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Untold Miseries: Wartime Abuses and Forced Displacement in Kachin State

By Human Rights Watch  •  March 20, 2012

In his March 2011 inauguration speech, Burmese President Thein Sein emphasized the importance of ending Burma’s several ethnic armed conflicts, declaring that more than 60 years of ethnic warfare in Burma were due to “dogmatism, sectarian strife, and racism.” Burma’s ethnic minorities had, he said, experienced “the hell of untold miseries.”

Despite his words, the miseries continue for the ethnic minority Kachin population in Burma’s northern Kachin State.
After 17 years of a ceasefire in Kachin State, the Burmese armed forces launched offensive military operations in June 2011 against the rebel Kachin Independence Army (KIA), leading to a humanitarian crisis affecting tens of thousands of
civilians, against whom the Burmese army is committing serious abuses. Military operations by both sides have continued despite a presidential request that the army cease attacks against the KIA and only fire in self-defense. Over the last six months of 2011, Human Rights Watch travelled twice to areas in Kachin State, visiting nine camps for internally displaced persons (IDPs), and to areas in China’s Yunnan province where refugees have fled. This report draws on more than 100 interviews conducted during those visits with displaced persons, refugees, and victims of abuses, as well as KIA representatives, Burmese army deserters, and humanitarian aid workers. We have continued monitoring events on the ground and have conducted follow-up research through March 2012.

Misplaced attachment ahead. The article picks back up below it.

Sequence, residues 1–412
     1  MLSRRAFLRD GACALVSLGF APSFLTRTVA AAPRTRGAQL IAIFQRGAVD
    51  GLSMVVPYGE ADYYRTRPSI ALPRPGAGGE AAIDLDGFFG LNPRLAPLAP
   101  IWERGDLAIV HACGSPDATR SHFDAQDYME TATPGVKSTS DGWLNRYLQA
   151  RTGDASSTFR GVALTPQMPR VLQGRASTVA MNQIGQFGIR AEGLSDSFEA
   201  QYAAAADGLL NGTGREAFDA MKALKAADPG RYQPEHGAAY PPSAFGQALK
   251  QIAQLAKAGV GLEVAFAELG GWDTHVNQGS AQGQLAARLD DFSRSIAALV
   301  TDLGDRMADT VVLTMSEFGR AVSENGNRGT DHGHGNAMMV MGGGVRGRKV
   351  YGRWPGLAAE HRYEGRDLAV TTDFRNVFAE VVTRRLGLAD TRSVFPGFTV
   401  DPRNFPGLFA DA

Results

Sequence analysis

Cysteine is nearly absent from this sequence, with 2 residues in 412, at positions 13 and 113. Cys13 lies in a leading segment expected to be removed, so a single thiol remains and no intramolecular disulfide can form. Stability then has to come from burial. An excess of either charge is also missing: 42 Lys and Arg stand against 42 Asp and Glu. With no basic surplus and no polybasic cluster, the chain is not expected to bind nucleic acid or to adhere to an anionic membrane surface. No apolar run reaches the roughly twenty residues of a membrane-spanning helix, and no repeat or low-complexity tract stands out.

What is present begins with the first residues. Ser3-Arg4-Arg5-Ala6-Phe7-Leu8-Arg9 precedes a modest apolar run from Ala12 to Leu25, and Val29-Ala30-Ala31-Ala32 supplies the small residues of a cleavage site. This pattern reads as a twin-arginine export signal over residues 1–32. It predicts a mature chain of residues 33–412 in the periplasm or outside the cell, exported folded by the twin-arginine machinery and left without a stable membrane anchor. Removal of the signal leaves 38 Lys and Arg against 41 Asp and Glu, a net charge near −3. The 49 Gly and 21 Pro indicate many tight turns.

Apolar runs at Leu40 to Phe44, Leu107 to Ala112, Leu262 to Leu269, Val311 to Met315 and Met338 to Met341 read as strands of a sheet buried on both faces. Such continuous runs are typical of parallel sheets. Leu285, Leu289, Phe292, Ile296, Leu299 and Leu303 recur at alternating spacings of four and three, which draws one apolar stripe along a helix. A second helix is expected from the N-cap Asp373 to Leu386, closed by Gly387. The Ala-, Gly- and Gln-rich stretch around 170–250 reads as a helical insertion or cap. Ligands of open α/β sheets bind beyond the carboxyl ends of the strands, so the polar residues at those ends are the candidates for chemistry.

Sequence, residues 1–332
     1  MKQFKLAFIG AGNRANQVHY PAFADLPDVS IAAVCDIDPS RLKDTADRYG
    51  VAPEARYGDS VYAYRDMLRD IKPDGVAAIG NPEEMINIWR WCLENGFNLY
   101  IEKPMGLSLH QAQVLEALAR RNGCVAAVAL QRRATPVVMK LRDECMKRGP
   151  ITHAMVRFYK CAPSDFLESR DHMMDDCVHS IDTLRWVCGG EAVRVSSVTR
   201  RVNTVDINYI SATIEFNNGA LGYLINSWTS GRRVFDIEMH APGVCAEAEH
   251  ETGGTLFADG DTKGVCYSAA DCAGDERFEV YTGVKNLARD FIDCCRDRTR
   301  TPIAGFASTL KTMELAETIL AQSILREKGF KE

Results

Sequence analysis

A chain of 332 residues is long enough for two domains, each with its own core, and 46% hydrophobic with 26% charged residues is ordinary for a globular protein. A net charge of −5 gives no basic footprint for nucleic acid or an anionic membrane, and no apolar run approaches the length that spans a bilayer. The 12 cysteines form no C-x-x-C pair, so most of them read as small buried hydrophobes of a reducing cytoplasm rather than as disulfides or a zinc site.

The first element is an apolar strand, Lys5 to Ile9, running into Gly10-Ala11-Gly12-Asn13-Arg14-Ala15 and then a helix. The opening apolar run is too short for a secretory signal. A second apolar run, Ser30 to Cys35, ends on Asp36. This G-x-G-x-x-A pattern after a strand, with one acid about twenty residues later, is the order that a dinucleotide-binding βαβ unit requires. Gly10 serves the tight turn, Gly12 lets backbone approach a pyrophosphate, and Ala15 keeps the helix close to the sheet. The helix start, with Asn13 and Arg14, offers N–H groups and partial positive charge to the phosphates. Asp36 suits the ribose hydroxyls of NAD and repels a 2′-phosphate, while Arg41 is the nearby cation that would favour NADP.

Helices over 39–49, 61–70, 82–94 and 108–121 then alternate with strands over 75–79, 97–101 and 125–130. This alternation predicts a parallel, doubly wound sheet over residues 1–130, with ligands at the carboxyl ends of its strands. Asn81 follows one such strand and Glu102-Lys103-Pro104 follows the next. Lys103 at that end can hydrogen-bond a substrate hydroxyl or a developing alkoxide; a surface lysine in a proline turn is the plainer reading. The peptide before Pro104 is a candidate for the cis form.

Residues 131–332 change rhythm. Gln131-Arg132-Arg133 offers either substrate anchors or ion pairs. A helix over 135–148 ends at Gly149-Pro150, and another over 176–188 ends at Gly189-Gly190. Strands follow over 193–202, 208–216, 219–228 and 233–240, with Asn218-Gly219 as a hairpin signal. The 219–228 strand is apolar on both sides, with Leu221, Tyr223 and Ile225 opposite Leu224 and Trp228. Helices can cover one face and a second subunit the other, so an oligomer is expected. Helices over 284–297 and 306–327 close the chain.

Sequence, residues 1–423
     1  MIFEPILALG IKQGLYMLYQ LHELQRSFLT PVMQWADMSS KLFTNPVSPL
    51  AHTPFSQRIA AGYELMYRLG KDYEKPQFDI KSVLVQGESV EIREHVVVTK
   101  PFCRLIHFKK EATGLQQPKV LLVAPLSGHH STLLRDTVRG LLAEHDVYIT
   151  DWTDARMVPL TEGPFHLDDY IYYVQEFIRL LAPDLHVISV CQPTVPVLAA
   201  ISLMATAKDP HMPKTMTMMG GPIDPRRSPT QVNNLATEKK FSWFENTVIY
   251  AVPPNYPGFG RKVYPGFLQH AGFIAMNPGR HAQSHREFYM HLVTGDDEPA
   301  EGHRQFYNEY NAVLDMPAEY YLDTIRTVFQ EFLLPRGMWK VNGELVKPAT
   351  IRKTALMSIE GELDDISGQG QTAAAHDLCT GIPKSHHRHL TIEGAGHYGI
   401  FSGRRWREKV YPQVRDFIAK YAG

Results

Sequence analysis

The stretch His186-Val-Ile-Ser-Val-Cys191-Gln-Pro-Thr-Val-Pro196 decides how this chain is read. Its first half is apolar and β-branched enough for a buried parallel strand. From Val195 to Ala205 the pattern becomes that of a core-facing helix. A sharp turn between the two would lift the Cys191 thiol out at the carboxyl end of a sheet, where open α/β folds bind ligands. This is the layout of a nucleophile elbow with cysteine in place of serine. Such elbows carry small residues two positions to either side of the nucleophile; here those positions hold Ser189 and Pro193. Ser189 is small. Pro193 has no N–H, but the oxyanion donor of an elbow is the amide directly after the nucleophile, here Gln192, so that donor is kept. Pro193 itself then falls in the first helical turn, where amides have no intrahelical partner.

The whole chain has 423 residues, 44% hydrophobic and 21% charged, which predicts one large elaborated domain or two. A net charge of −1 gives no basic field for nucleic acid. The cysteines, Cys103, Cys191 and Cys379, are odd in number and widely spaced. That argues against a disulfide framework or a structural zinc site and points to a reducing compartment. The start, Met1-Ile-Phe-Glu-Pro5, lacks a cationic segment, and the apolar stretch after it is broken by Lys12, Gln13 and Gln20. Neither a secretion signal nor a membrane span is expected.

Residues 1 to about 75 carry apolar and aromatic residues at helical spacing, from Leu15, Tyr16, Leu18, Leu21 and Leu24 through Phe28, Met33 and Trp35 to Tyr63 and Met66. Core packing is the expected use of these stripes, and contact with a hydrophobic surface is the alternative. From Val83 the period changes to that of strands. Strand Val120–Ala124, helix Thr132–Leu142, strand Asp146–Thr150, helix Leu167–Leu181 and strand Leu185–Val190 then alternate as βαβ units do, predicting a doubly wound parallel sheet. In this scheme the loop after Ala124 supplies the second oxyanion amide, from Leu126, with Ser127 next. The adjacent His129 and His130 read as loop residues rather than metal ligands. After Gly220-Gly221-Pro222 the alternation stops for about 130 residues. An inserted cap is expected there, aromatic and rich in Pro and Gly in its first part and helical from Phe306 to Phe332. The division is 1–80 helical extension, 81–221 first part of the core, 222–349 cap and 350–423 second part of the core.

Kachin civilians described to Human Rights Watch how Burmese army soldiers have attacked Kachin villages, razed homes, pillaged properties, and forced the displacement of tens of thousands of people. Troops have deliberately and indiscriminately fired on Kachin civilians with small arms and mortars. According to one 40-year-old Kachin woman, for
example, soldiers on November 10, 2011, “shot mortars into our village three times.… So we fled.” A Burmese army
deserter described how his battalion deliberately shelled Dingga village with 81 mm mortars so that inhabitants would
run away. “It was intended that way,” he said.

Download the full report here.

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This post is in: Crimes Against Humanity, Military Regime

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